Luck is a funny thing.  What does it mean exactly?  Who is lucky?  Am I lucky?  Why? Just because I happen to be born white?  Because to me, that is all in your perspective.  To some, white skin is that lucky charm, the ticket to high class.  To me, it is often a burden, something that holds me and others back from experiencing certains parts of a culture.  When I stop to get take out on my way home from work, the cook looks at my skin, and puts a fork in my bag instead of chopsticks.  Never mind I don’t even own a fork at the moment.   

 Is it lucky that I was born into a certain amount of wealth and privildge?  Even though I did nothing to earn any of that.  So does that make the child born into poverty unlucky?  Because the way that I see it, that child has a better chance of living a life full of appreciation. Everything comes at a price.  A meal may mean that another member of the household doesn’t eat that day.  A blanket to cover with at night is given with hands blistered from work. They know where their gifts come from, and don’t take them for granted. I would rather be thankful than rich.  No question. 

There is a certain monk that hangs around near where I live.  In this section of town where anything goes as far as fashion, he often blends into the crowd.  He flows easily with the fast-paced crowd, keeping his bowl of offering held out.  Shoppers and old women on the way home from the market drop a few coins in.  The monk has a kind and appreciative face, and he bows his head with every clink in his bowl.  There is an assurance in each bow of his humble head that lets the giver know that their money will be well used in a monestary or in the life of one in need.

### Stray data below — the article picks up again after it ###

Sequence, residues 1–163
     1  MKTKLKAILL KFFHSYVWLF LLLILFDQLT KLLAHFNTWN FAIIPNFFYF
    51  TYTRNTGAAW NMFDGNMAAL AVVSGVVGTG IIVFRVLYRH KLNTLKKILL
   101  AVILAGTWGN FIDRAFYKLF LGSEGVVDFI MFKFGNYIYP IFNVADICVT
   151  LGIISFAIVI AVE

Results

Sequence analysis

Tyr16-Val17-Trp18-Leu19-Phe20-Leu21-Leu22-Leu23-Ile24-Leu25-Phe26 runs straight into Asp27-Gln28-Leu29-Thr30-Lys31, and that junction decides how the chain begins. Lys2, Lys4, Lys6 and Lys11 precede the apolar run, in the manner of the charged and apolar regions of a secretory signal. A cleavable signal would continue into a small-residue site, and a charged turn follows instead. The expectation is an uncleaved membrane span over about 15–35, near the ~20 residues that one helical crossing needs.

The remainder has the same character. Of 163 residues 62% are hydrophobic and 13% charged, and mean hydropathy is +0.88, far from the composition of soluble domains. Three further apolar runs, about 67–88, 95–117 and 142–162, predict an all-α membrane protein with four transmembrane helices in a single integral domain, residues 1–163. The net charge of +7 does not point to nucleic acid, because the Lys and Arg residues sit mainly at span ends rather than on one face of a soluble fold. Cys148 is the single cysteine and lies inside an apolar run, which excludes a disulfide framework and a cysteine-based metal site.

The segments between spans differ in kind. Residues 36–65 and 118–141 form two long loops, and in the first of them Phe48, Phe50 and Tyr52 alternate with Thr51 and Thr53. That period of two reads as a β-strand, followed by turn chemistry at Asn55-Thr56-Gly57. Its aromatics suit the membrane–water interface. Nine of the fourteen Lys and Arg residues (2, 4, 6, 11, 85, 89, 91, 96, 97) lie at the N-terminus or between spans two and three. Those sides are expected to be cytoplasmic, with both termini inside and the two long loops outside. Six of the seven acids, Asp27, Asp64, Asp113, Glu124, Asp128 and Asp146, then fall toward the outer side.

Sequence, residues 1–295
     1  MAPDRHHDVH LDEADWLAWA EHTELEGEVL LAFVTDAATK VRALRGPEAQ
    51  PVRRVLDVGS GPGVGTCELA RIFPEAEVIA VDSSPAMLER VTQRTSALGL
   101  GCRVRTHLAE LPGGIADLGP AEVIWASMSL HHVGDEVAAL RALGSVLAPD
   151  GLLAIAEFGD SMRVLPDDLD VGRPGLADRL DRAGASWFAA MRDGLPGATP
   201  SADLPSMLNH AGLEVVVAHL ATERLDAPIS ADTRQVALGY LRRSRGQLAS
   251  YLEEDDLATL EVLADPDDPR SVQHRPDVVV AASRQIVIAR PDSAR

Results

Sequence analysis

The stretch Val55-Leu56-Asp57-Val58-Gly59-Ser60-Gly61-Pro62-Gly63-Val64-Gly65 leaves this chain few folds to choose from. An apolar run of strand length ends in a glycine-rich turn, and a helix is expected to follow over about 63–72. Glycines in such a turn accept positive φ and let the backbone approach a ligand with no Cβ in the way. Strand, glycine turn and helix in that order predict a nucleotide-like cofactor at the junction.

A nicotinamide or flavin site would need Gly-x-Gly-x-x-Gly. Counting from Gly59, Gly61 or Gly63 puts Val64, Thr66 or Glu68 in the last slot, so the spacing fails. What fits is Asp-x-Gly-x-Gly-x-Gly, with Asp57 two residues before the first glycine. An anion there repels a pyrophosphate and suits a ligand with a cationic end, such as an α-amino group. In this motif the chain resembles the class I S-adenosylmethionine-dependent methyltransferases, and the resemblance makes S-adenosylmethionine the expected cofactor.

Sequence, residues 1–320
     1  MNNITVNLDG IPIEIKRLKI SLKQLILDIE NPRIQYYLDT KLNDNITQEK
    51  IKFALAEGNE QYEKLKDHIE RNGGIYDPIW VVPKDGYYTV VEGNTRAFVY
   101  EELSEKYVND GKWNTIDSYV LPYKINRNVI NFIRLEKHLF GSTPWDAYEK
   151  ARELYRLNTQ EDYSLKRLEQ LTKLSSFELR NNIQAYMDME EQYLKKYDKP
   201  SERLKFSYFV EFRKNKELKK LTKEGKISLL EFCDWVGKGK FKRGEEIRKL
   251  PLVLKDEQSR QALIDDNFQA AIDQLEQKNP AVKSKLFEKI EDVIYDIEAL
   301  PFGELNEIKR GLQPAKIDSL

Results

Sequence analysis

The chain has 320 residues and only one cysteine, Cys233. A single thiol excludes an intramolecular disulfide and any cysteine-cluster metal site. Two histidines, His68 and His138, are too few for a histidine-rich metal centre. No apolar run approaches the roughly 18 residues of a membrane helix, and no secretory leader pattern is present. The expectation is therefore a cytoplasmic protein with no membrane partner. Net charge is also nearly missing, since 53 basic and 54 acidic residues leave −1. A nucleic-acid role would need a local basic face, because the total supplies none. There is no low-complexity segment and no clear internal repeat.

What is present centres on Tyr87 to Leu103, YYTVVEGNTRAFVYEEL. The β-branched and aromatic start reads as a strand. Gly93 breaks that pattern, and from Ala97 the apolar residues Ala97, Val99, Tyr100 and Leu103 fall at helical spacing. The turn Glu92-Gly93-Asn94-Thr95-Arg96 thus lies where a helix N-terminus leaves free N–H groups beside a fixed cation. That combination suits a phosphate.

There is another monk, near where I work.  This monk is easy to spot, his mustard colored robes standing out against the black and grey of buisness suits.  He stans apart from where the majority of people are lined up, waiting for the bus or stopped to answer a cell phone call.  He has no bowl of offering stretched out, and his eyes search the crowd.  He picks his target, and glides over to them, offering them wishes of luck and wealth.  Most people ignore him completely, attending to their blackberry or briefcase.  He spots me, and follows me to the steps that lead to the garden near work.  “Luck and wealth for you.”  He offers me a token, a golden oval paper with Chinese characters written on both sides.  I hold up my hand, and shake my head.  “No thank you.”  He offers again, “No asking for money.  Offering luck.  Luck and wealth for you sister.”  So I accept his token, wondering where the luck is hidden on this slip of paper.  Then the monk holds out a small book, he opens it up, and written on the inside, “1 year luck – $100.  2 year luck – $200.  3 year luck – $300”  I shake my head again, holding open my wallet to show it is empty.  He loses his braced smile, and snatches the token back and walks quickly away.  I stand there astonished.  I didn’t know the luck had a price.  Nor did I know that one got to chose who recieved, or could keep their luck.  This monk and I have had many run-ins since.  I pass that way 4 days a week for work.  He sees me every day.  And every day he tries again and again to sell me his golden luck.  I have tried talking to him – but he is not intersted in conversation – only what he can sell me.  I saw this same monk today, pass by a begger that regulars the steps of our church.  As the monk’s robes were lifted to avoid the old man’s plastic bowl, a young woman was following behind him, a young child clutching her hand.  She reaches in her purse and pulls out a handful of coins.  The mother hands the coins the the child, who happily drops them in the old man’s begging bowl.  She smiles at him as she skips away.  Is it luck that the little girl feels security in her mother’s care?  Is it luck that the old man was in the path of the thoughtful mother?  So what exactly is the monk trying to sell?  If it is the kind of luck that ignores need, I’m not interested.  I will pass up your golden token, your offers of luck and wealth.  I would rather recieve hope.  I would rather offer hope.  And I don’t think that they make a golden token for that sir. 


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